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In a recent column, the New York Times‘ Mark Bittman makes an important point about the controversy around genetically modified foods. “To date there’s little credible evidence that any food grown with genetic engineering techniques is dangerous to human health,” he writes. Yet the way the technology has been used—mainly, to engineer crops that can withstand herbicides—is deeply problematic, he argues.
Here’s why I think Bittman’s point is crucial. The below chart, from the pro-biotech International Service for the Acquisition of Agri-biotech Applications, gives a snapshot of what types of GMO crops farmers were planting as of 2012. In more recent reports, the ISAAA doesn’t break out its data in the same way, but it’s a fair assumption that things are roughly similar three years later, given that no GMO blockbusters have entered the market since.
Chart: The International Service for the Acquisition of Agri-biotech Applications,
If you add up all the herbicide-tolerant crops on the list, you find that about 69 percent of global GM acres are planted with crops engineered to withstand herbicides. But that’s an undercount, because the GM products listed as “stacked traits” are engineered to repel insects (the Bt trait) and to withstand herbicides. Adding those acres in, the grand total comes to something like 84 percent of global biotech acres devoted to crops that can flourish when doused with weed killers—chemicals that are sold by the very same companies that sell the GMO seeds.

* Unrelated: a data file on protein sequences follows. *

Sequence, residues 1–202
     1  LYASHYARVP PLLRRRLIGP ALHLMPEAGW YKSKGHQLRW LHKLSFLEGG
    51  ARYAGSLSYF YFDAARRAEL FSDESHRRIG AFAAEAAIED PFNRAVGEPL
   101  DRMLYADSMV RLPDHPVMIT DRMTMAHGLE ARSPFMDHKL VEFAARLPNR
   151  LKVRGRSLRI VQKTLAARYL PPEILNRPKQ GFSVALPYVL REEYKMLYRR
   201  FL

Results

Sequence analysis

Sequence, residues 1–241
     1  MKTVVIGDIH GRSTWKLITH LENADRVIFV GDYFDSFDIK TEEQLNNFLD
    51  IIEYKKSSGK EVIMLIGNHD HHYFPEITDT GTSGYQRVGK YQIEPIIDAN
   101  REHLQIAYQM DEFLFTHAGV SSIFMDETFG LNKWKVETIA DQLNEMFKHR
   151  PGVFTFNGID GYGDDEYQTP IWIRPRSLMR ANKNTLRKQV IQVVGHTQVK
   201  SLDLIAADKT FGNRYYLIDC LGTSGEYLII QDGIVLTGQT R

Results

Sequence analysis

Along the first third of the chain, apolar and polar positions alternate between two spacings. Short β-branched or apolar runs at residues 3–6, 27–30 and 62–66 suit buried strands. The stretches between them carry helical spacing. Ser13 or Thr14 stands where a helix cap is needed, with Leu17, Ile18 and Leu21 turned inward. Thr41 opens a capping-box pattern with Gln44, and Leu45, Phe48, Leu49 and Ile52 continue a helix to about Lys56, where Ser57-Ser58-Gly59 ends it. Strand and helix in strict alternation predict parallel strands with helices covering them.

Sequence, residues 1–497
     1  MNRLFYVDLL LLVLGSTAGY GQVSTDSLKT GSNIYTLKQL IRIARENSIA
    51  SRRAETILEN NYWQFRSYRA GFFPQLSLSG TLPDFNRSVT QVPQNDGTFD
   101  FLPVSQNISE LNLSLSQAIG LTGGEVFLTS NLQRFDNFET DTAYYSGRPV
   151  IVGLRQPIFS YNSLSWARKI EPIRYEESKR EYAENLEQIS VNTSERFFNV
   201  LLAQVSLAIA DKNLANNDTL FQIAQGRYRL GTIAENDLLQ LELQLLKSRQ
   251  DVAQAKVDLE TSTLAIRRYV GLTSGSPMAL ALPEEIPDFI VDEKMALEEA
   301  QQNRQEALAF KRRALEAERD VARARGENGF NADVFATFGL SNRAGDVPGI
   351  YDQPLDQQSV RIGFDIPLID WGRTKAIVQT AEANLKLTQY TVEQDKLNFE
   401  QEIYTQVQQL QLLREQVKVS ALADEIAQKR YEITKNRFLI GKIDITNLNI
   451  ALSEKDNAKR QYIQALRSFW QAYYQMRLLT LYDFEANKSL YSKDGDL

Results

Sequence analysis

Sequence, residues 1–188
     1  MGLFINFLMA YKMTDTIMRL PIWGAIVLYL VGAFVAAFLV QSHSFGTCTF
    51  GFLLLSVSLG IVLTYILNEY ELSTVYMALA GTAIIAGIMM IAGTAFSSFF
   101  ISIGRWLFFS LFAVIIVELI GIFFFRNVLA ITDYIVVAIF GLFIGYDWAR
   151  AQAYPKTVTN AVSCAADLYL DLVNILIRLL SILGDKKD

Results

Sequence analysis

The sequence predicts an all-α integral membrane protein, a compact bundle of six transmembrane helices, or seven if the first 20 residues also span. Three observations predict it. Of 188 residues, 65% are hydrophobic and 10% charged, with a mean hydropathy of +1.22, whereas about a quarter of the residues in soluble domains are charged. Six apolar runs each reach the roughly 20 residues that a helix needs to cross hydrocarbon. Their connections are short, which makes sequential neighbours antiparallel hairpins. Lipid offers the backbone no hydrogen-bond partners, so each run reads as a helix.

As Bittman points out, almost all of the herbicide-tolerant crops on the market to date have been engineered to resist a single herbicide, glyphosate. And weeds have evolved to resist that herbicide, forcing farmers to apply heavier doses and or added older, more toxic chemicals to the mix.
Rather than reconsider the wisdom of committing tens of millions of acres to crops developed to resist a single herbicide, the industry plans to double down: Monsanto and rival Dow will both be marketing crops next year engineered to withstand both glyphosate and more-toxic herbicides—even though scientists like Penn State University’s David Mortensen are convinced that the new products are “likely to increase the severity of resistant weeds” and “facilitate a significant increase in herbicide use.”
Meanwhile, unhappily, the World Health Organization has recently decreed glyphosate, sold by Monsanto under the Roundup brand name, a “probable carcinogen”—a designation Monsanto is vigorously trying to get rescinded.
So, given that 20 years after GM crops first appeared on farm fields, something like four-fifths of global biotech acres are still devoted to herbicide-tolerant crops, Bittman’s unease about how the technology has been deployed seems warranted. It’s true that genetically altered apples and potatoes that don’t brown as rapidly when they’re sliced will soon hit the market. They may prove to be a benign development. But it’s doubtful that they’ll spread over enough acres to rival herbicide-tolerant crops anytime soon. And humanity has thrived for millennia despite the scourge of fast-browning apples and potatoes. The same isn’t true for ever-increasing deluges of toxic herbicides.